I knew a friend in college who behaved similarly toward people at gatherings. Spotting you from across the room, he would curtail his conversation and weave through crowds to greet you, but as he shook your hand, his eyes were already scanning for the next friend he craved talking to. His hand and eyes, his having and wanting, were always out of sync. He liked so many people that he scarcely knew anyone beyond hello.

Too much desire is self-defeating, wildly overrunning the thing it wants. Passions need a pinch of apathy to slow them down to the pace of enjoyment.

Success, by way of ambition, leads to failure. The more we achieve, the more we think we can achieve; our hopes rise exponentially in relation to our skill. Talented drama students, heartened by the cheers of local audiences, journey to Hollywood after high school, where everyone was a talented drama student, and there are only jobs as extras. The best baseball players in the minor league go to the major league, where they are the worst players. As air bubbles rise through water and dissolve in the atmosphere, the above average rise until they are average. As we ascend the ranks, our status falls.

I temper my temper with laughter. Hurriedly washing dishes and breaking a glass, I swing a fist at the air for the extra work of cleaning it up, while a volley of profanity bursts like bad poetry from my lips. Turning, I glimpse my face in the hallway mirror, and the red of my fury cedes place to the red of my shame. Feeling my rational judgment stare down my charade, squirming under my own rebuke, I lighten the moment with a laugh. Thus my tantrums do not so much release my anger as embarrass me into being more patient. Could the cantankerous world likewise hold a mirror up to war, humanity would be shamed into peace.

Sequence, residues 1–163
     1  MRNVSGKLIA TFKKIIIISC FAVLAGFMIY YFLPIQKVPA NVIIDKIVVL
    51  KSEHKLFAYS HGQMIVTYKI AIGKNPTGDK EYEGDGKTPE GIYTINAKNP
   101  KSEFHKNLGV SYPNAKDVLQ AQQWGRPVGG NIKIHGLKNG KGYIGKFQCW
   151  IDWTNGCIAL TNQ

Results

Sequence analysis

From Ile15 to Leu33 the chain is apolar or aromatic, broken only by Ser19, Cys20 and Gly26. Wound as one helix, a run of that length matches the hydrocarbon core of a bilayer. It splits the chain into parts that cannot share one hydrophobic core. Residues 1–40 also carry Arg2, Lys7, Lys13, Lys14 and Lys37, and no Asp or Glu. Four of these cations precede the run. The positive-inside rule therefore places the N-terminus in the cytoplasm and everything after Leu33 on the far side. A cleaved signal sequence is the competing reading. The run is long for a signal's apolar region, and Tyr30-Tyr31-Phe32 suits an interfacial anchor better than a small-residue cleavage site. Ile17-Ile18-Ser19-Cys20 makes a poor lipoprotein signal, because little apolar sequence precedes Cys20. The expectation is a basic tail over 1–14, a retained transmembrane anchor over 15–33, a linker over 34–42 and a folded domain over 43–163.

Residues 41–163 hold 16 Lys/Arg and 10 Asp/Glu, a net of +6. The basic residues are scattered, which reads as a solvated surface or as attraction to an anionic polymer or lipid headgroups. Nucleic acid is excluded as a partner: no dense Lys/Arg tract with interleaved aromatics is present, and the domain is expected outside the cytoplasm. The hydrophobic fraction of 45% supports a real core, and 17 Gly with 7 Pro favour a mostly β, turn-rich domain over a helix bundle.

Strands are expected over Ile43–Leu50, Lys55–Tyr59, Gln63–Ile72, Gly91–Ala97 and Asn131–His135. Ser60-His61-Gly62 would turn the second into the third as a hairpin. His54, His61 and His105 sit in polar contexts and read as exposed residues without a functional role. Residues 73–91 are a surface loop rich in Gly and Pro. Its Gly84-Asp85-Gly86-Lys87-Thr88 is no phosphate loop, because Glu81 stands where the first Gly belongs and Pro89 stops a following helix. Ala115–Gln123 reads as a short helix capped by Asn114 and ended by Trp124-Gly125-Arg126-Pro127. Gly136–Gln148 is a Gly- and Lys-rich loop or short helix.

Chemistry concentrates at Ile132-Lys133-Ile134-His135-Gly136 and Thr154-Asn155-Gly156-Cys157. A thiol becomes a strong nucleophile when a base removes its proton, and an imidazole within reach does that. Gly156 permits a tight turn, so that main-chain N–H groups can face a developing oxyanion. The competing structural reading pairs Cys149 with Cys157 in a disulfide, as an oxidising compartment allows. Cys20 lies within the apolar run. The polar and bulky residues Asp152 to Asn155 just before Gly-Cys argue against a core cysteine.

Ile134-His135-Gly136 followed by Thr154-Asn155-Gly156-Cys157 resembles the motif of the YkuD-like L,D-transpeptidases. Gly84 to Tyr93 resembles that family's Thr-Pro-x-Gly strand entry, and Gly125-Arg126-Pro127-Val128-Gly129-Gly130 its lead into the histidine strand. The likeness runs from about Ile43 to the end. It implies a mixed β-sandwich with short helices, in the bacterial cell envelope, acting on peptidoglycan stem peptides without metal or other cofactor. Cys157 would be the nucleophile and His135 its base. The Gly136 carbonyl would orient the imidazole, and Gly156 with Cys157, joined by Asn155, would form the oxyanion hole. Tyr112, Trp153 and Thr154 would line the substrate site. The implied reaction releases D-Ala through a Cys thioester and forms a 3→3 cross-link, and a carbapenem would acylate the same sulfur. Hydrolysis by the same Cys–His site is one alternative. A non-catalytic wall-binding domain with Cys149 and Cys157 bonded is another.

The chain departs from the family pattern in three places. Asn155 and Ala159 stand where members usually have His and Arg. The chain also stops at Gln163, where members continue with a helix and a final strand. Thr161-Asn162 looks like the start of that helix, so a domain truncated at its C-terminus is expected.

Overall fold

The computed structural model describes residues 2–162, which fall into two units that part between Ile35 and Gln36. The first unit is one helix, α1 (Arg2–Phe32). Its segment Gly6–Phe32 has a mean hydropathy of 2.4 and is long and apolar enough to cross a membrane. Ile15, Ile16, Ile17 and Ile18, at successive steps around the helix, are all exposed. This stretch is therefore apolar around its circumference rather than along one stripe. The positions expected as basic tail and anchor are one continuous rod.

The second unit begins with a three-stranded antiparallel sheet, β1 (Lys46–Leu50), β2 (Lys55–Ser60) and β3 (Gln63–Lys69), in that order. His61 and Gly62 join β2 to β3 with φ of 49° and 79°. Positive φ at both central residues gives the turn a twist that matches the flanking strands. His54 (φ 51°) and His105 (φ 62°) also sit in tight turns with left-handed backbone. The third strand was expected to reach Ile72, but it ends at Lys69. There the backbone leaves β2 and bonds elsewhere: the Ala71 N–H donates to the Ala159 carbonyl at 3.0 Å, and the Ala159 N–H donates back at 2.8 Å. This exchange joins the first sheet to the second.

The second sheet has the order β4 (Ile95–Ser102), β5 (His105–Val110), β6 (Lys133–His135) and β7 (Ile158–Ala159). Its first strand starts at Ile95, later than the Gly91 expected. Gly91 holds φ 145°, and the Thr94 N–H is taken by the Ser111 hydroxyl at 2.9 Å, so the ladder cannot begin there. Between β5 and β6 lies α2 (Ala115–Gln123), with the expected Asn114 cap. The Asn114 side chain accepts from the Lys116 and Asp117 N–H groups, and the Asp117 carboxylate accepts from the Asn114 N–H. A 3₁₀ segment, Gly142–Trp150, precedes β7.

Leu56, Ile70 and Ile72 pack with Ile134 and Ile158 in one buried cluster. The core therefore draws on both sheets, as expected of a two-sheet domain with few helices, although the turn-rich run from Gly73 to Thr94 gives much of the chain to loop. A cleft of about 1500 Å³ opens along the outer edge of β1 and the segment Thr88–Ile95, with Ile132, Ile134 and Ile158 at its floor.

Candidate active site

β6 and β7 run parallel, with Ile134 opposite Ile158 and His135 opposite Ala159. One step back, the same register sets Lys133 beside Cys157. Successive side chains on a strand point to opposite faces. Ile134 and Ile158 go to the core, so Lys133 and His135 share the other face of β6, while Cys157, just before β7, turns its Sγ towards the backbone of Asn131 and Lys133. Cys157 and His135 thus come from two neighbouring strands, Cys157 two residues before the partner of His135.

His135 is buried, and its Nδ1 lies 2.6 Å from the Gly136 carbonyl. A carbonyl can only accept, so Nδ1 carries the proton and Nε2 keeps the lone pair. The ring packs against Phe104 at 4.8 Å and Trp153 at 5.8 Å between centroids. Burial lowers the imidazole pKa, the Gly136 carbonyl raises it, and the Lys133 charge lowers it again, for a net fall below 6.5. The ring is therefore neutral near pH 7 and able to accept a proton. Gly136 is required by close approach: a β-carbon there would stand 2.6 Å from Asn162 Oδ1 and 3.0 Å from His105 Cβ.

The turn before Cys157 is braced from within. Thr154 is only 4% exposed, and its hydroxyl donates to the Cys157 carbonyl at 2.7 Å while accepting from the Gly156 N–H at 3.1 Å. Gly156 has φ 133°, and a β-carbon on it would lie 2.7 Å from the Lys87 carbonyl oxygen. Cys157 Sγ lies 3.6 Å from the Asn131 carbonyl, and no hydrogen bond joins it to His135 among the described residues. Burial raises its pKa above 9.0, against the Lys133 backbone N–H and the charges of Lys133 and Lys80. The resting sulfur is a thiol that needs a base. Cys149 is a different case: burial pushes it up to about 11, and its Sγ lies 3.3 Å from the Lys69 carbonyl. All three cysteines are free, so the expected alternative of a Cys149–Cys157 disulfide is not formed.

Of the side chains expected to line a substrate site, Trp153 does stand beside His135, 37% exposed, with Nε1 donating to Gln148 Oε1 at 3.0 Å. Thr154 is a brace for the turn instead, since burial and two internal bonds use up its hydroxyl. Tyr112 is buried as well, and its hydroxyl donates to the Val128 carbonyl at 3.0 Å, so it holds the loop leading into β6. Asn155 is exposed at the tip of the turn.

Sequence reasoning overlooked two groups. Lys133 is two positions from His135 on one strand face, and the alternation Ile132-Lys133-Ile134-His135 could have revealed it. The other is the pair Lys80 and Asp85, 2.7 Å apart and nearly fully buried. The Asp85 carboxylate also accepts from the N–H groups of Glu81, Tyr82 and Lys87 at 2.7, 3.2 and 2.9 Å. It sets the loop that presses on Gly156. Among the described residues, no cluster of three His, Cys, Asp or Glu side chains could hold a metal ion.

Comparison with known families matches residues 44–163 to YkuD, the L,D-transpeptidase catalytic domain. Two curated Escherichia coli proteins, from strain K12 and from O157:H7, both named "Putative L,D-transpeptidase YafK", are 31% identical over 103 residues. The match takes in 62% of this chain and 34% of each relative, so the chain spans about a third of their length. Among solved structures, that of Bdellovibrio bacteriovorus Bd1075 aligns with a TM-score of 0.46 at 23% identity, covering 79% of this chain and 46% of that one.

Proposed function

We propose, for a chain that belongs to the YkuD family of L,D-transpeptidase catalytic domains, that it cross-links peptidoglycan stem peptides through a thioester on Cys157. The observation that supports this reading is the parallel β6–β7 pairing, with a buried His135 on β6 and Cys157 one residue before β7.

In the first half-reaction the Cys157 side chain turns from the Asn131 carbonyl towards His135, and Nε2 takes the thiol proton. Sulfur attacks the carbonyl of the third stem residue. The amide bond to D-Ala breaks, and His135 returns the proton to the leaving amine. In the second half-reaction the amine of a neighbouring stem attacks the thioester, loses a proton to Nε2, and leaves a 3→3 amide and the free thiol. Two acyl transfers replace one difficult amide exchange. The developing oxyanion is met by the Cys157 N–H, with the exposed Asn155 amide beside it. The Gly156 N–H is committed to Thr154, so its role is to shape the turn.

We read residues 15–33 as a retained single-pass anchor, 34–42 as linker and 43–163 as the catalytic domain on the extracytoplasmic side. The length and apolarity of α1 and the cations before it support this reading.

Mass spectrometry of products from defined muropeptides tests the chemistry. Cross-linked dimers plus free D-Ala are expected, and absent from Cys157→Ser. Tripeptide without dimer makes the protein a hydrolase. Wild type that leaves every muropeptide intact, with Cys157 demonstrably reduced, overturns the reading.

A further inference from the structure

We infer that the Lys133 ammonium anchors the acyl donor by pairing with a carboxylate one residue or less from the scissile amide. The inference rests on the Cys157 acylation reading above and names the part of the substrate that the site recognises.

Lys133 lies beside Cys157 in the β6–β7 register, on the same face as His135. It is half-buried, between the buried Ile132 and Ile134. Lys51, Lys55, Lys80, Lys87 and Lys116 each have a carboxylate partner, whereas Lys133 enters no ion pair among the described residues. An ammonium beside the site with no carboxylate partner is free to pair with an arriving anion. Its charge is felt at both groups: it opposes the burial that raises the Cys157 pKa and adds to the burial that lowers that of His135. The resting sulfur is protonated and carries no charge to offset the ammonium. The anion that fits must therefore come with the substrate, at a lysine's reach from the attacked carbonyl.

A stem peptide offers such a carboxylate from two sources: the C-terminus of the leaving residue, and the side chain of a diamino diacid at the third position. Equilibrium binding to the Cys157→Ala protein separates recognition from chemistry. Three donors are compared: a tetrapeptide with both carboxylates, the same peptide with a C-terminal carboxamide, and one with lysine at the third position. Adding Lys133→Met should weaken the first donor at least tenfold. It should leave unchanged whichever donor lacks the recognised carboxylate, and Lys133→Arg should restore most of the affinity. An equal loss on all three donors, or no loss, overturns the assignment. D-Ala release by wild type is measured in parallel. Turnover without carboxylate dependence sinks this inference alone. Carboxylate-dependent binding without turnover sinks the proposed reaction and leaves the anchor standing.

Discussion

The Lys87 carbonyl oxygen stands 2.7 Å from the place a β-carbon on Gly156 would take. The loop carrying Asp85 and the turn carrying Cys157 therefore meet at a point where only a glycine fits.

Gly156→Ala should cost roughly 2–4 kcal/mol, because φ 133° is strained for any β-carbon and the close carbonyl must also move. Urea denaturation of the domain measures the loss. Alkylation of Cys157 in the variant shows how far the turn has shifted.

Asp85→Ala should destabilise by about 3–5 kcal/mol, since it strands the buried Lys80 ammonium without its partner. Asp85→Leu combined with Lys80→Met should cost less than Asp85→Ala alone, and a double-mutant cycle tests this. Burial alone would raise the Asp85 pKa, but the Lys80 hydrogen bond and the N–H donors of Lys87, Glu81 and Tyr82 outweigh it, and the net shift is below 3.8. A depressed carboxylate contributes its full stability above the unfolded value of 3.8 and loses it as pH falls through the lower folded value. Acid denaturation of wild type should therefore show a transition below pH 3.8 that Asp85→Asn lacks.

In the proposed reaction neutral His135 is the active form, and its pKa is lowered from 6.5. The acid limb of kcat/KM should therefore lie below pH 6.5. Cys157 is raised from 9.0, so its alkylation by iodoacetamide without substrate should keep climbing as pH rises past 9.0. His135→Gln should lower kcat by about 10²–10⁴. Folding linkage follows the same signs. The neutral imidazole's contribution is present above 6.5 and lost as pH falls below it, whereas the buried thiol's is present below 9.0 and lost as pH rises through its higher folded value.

The idea of the sea whets our imagination. The ocean's complexity mirrors the mind's own depths. Just as consciousness conceals the unconscious, the sea's sunlit, glittering surface masks an underworld of mysteries and monsters. How flat and fathomable solid land seems, compared to the murky world beneath the waves. Thus land-dwellers pile onto boats in search of mystical, primordial encounters with earth's liquid wilderness. Instead, many spend the trip puking their lunch over the rail, their stomach in mutiny against their mind's romanticism.

Our souls get sick for, our bodies sick from, the sea.

To know someone truly, look at what he does when no one is paying him. My wife makes jewelry, my father gardens, I write, my grandfather cleared brush from the woods by his house. Seeking the common core of varied hobbies, I notice in all a devotion of effort toward a self-imposed goal. To accomplish something is every hobby's purpose, but what is the purpose of the accomplishment? We are less interested in the accomplishment than the accomplishing. Hobbies express an entrenched urge to create, to add patches of order to the universe. In our hobbies as in our careers, we stack the world's raw scraps into meaningful shapes—arranging dirt into flower beds, stones into necklaces, words into paragraphs. We curse a Saturday that sees no progress on our projects, not because anyone needs what we produce, but because we need to produce. At work we long for leisure; in leisure we keep working.